by Darrel Cline (darrelcline biblical-thinking.org)
Chapter # 8 Paragraph # 3 Study # 4 November 6, 2007 Lincolnton, N.C.
19 For the earnest expectation of the creature waiteth for the manifestation of the sons of God.
1901 ASV Translation:
19 For the earnest expectation of the creation waiteth for the revealing of the sons of God.
I. The Anticipated Event.
A. The entire creation "expects" a time of "revelation". This is the removal of the things that hide a matter from clear perception. It is during the present time, when suffering is a "given" along with an illegitimate experience (a present evil), that that perception is clouded. Once that evil is removed and the "revelation" occurs there will be a clarity of understanding that will make everything fall into its proper place.
1. In a perfect world, where understanding has its roots and fruits in a legitimate "love", there can be no "evil". Thus, the elimination of evil must be a real eventuality. Because this present world is not perfect, there are "problems" for "understanding" that primarily relate to the character of the God Whose "goodness" was originally brought into question by the original "sinner". That there was "an original sinner" is where the problems of understanding begin: why did the Creator "plan" or "permit" the existence of "an original sinner"? Does the existence of such a "person" automatically impugn the character of the Creator? The answer to this question lies entirely upon a more basic question: Is there any kind of scenario in which there is a real legitimacy to the challenge to a Creator's character by the creature? Paul's way of raising this question was his questions in Romans 9:20-21, and they are merely an echo of Isaiah's words in Isaiah 29:16. These New Testament/Old Testament spokesmen for God make this case: it is impossible that an uncreated God can legitimately be subjected to a created angel or man. A case can be made that there are some things that involve an infinity of knowledge and reason that simply cannot be "understood" by anyone who has less than that infinity of knowledge and reason. If this case can stand, it cannot be put forward that there is ever any legitimacy to any challenge of the infinite by the finite.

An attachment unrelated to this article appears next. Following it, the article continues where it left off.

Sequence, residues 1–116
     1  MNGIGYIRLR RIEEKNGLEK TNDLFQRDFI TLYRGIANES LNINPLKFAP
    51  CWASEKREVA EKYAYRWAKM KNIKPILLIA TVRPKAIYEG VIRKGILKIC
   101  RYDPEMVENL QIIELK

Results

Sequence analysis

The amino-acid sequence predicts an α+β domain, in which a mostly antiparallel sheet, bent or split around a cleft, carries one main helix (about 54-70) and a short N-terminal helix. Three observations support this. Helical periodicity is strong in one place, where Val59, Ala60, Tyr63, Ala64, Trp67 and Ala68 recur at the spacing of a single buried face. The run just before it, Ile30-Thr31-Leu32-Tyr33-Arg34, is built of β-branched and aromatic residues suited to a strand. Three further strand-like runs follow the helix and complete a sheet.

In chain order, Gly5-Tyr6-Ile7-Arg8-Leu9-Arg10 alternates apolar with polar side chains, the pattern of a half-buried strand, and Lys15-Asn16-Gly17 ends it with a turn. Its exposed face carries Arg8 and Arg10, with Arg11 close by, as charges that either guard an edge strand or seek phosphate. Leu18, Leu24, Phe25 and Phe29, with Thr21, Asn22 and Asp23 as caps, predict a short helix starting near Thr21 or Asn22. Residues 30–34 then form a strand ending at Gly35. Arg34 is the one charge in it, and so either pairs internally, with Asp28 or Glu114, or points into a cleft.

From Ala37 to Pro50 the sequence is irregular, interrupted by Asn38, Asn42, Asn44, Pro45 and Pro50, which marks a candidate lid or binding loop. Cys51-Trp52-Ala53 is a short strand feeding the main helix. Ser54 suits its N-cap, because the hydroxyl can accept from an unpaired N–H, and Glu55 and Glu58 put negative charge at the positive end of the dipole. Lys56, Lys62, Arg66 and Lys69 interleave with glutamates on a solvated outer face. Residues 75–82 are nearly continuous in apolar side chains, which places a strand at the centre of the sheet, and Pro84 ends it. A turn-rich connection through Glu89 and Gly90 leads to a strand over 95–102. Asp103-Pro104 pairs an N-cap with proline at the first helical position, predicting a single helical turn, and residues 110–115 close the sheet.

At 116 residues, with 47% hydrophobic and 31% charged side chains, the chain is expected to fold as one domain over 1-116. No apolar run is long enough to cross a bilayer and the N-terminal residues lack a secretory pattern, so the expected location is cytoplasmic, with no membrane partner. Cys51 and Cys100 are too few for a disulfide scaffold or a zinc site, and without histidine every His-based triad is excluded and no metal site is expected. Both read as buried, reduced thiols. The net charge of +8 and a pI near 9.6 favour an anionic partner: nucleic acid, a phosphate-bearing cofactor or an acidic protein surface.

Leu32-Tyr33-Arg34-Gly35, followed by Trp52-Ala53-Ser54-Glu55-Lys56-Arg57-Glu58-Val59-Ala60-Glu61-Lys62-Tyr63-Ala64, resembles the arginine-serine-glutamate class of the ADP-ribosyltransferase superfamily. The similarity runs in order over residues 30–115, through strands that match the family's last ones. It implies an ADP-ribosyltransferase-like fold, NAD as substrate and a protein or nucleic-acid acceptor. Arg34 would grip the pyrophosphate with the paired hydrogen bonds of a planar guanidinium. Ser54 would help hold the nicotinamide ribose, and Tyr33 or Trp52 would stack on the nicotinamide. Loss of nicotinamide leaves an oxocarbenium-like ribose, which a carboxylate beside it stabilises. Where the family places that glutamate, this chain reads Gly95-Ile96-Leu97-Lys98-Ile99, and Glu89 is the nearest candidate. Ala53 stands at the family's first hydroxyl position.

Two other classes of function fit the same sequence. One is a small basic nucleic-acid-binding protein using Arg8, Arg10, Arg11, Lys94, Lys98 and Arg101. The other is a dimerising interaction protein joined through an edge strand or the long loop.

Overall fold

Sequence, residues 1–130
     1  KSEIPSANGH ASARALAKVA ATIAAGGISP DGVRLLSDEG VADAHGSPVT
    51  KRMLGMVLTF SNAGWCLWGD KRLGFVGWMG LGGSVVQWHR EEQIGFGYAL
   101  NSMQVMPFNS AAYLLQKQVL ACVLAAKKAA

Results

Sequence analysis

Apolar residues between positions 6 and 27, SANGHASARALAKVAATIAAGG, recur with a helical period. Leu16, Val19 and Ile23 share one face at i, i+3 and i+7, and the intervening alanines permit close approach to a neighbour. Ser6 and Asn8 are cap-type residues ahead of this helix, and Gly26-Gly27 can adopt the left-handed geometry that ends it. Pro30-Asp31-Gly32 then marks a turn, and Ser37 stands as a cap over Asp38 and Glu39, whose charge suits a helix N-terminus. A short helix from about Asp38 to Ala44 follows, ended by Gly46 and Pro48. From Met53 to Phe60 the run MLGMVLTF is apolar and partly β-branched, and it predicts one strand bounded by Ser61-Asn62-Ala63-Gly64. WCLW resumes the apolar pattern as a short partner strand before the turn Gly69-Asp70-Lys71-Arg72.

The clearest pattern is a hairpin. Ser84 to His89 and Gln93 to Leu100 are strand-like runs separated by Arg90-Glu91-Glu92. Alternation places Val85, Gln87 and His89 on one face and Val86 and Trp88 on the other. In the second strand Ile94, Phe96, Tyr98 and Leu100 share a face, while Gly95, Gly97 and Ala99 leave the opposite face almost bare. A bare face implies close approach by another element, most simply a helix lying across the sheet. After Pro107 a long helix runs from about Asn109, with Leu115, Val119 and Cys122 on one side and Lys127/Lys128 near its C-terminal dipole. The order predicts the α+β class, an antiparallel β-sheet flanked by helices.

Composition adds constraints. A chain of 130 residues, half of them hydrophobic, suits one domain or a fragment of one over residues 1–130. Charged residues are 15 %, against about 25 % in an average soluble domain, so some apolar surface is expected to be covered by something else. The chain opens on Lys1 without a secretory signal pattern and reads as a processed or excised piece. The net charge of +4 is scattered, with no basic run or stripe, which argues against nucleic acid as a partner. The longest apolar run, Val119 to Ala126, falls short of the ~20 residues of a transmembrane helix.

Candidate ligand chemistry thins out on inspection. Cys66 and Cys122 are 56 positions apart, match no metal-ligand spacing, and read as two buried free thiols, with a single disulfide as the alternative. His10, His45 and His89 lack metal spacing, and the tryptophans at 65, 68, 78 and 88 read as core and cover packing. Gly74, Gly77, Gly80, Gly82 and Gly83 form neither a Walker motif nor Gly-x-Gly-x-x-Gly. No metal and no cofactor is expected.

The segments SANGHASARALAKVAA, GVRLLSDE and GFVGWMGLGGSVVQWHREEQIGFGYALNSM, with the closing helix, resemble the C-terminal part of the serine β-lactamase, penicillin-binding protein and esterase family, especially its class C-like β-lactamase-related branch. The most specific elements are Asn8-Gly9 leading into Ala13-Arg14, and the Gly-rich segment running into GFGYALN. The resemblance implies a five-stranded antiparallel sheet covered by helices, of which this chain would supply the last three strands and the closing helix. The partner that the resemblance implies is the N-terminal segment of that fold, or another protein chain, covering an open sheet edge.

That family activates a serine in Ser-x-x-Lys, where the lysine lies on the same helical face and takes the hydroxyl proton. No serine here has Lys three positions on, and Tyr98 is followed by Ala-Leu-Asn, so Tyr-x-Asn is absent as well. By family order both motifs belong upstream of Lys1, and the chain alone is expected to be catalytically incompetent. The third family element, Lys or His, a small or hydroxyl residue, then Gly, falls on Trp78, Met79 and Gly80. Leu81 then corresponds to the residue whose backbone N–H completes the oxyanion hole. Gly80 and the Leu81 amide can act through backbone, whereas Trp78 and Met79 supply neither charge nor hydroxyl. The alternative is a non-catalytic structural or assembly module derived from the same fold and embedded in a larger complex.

2. The biblical case for a "revelation" that will provide clarity is not ultimately in the arena of "knowledge"; it is ultimately in the arena of "love". It is not what a person knows that makes the final difference; it is who he loves. An ignorant slug whose "love" is properly fixed upon its Creator is far better off than a brilliant angel whose "knowledge" is being used to attempt to usurp that Creator's status over creation.
B. That "revelation" is, according to Paul, "of the sons of God".
1. This means that there are those "children of men" who, by dint of their subjection to the sufferings of this present time, have become the "sons of God".
2. To be a "son" of God is to be His "adult heir", given charge over His possessions for administrative purposes...this is the point of the "Spirit of Adoption as Sons" (8:15).
3. To be "revealed" as a "son" means to be shown to be qualified and to have the results put into place. A "revealed son" is one who has been judged and found faithful and, as a consequence, has been placed into the administration of the Kingdom in a particular place that everyone can behold. This boils down to the "revelation" of the glorious Kingdom with a focus upon the people of privilege within it. Once the "sanctified bureaucracy" of Messiah's Kingdom is visibly in place and it is as clear as it can be that a Righteous Love reigns, the "manifestation of the sons of God" will have taken place.